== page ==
JPMorgan’s Onyx: JPM Coin Being Used for Round the Clock Cross Border Payments Now

JPMorgan’s (NYSE:JPM) JPM Coin is being used live today by a “large international technology company that is using it for round-the-clock cross-border payments,” according to a report.

JPM Coin was revealed back in early 2019. More of a stablecoin, the digital currency is viewed as a path to speed up payments and reduce friction in the current transfers and payments ecosystem.

The blockchain endeavor is part of Onyx, a new business unit at JPMorgan that is designed to “continue to build cutting edge technology that delivers a  better, faster, and more inclusive financial system.” Onyx has built a “production-grade, scalable, peer-to-peer blockchain-based network.” The JPM Coin seeks to make payments “instantaneous,” in contrast to the existing system where transfers may take several days and may suffer from errors.

In a report by CNBC, Takis Georgakopoulos, JPM’s global head of wholesale payments, explained the bank has been working behind the scenes until the JPM Coin was ready to scale:

“We’re talking about hundreds of millions of checks being sent. Using a version of blockchain with the participants being the main issuers of checks and the main operators of lockboxes, it’s possible we can save 75% of the total cost for the industry today, and make checks available in a matter of minutes as opposed to days,” he said.

Georgakopoulos said they are shifting from research and development to a real business – commercializing blockchain technology.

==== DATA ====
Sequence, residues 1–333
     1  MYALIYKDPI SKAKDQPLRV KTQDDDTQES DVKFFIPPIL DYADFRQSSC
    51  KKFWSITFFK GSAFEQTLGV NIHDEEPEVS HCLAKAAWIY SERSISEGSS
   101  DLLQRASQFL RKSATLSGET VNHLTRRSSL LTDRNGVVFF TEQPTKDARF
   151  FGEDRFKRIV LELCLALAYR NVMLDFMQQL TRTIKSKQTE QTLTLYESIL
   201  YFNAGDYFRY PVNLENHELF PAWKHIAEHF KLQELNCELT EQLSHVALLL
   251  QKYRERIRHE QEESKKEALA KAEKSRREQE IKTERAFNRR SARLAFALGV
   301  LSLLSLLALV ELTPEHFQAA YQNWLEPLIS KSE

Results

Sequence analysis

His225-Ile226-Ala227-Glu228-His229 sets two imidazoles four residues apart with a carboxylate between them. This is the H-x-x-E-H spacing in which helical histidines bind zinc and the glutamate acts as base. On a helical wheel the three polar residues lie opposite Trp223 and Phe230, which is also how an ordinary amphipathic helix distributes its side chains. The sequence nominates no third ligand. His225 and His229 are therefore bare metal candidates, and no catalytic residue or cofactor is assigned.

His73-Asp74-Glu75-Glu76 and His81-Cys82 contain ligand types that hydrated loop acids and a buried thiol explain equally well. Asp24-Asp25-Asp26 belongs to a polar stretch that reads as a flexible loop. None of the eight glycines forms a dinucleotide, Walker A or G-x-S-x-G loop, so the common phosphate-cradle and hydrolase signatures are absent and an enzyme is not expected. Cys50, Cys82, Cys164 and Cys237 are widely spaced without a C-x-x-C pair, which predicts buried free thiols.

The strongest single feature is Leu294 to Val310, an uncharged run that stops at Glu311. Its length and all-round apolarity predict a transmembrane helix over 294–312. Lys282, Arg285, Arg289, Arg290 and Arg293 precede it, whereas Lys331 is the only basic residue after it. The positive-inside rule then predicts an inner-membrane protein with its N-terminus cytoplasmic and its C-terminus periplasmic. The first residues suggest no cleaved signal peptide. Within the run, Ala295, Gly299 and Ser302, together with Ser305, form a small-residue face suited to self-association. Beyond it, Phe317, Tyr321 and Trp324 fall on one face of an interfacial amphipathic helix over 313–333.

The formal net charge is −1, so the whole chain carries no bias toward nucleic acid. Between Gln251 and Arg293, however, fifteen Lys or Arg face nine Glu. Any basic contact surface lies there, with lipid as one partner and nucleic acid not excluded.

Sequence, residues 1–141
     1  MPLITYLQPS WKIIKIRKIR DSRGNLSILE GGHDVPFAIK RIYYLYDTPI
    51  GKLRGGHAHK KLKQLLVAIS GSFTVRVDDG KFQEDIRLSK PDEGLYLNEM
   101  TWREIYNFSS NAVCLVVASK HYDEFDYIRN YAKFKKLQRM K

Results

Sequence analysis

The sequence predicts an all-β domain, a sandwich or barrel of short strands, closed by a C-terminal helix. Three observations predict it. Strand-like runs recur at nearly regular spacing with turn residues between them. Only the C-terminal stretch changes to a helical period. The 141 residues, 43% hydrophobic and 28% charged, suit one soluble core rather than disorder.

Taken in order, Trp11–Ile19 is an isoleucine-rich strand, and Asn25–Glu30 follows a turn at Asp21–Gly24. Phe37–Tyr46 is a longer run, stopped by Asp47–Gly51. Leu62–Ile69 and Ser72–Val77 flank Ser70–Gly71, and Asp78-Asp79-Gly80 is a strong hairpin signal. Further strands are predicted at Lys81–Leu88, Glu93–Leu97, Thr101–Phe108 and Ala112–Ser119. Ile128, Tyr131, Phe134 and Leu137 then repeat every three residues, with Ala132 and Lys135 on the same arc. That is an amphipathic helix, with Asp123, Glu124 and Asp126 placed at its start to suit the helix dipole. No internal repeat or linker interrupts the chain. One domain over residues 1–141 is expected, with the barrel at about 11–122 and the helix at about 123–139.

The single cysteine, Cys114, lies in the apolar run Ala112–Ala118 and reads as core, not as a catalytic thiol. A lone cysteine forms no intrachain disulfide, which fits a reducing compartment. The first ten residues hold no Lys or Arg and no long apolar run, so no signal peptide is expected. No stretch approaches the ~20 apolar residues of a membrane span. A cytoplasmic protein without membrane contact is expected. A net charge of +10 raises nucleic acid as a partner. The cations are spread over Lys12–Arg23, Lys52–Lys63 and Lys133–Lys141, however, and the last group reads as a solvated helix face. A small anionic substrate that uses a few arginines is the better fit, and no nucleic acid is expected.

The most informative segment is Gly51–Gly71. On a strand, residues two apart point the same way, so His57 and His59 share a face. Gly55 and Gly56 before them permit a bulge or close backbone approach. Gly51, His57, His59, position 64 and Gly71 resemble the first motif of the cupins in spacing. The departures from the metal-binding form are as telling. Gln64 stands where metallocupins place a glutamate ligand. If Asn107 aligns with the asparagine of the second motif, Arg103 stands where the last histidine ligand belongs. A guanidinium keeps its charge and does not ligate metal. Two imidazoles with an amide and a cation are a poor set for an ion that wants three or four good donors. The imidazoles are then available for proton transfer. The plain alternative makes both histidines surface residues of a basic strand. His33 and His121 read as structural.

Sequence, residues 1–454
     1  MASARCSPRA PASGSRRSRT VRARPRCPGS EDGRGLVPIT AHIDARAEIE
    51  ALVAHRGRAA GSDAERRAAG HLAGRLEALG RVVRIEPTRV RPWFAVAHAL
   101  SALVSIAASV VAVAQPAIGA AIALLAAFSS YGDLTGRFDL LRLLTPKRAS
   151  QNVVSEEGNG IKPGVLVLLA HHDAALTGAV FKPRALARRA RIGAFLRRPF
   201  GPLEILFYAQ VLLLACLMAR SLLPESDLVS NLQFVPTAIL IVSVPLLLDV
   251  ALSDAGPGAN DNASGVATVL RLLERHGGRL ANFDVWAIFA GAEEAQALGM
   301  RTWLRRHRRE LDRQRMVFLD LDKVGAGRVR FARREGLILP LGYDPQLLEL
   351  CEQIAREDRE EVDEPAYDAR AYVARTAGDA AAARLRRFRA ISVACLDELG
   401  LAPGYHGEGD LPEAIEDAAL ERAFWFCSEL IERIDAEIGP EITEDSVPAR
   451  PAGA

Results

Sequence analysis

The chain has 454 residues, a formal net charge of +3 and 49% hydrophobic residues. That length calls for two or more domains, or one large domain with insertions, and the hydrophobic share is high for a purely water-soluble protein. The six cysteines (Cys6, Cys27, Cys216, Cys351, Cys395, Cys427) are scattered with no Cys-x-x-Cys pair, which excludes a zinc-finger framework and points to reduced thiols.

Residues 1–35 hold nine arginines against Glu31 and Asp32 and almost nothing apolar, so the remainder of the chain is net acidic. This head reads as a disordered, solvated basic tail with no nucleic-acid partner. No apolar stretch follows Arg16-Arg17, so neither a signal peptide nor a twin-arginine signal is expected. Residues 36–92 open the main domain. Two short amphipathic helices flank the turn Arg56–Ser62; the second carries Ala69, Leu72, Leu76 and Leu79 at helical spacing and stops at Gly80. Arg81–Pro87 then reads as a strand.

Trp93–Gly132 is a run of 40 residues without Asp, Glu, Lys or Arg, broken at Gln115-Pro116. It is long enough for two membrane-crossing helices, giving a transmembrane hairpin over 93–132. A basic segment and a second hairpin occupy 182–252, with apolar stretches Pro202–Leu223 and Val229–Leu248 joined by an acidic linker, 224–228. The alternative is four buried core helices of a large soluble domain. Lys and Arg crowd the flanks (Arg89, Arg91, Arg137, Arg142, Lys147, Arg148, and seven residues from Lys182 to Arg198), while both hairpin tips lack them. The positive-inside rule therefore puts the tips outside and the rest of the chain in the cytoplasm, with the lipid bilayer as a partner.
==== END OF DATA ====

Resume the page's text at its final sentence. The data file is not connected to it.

Transfers and payments is an enormous global business. JPM moves around $6 trillion a day, states the report. By shifting to a process that is real-time and costs mere pennies, JPMorgan may be well-positioned to maintain its standing in transfers and perhaps grow the business further.

JPMorgan is not the only entity looking to modernize the payments and transfer ecosystem. There are probably hundreds of companies attempting to do the same. But JPMorgan is the first traditional money center bank to announce it is using blockchain today and looking to scale it across its other partners.

Facebook’s Libra is an obvious comparison. The Libra Association, based in Switzerland, may have some competition from JPM if the bank decides to pursue retail. But Libra was initially conceived as a basket of currencies and other assets – something that may be deemed a security, and thus a target of regulators.

CBDCs or Central Bank Digital Currencies is another path for the digitization of value. Many central banks, including the US Fed Reserve and the European Central Bank, are reviewing CBDCs. China is already testing its digital RMB iteration live and in the wild.

Blockchain technology has gone through a period of excessive hubris followed by an inevitable retreat but, in the end, if the technology can provide a better service, at a lower cost, it simply makes sense. JPMorgan’s utilization of blockchain technology is another mile-marker in the odyssey to global acceptance and wide utilization.

Umar Farooq, CEO of Onyx, added that blockchain technology is currently “somewhere in the trough of disillusionment or just beyond that on the hype curve.” In brief, the development of blockchain is still very much in its infancy.

 

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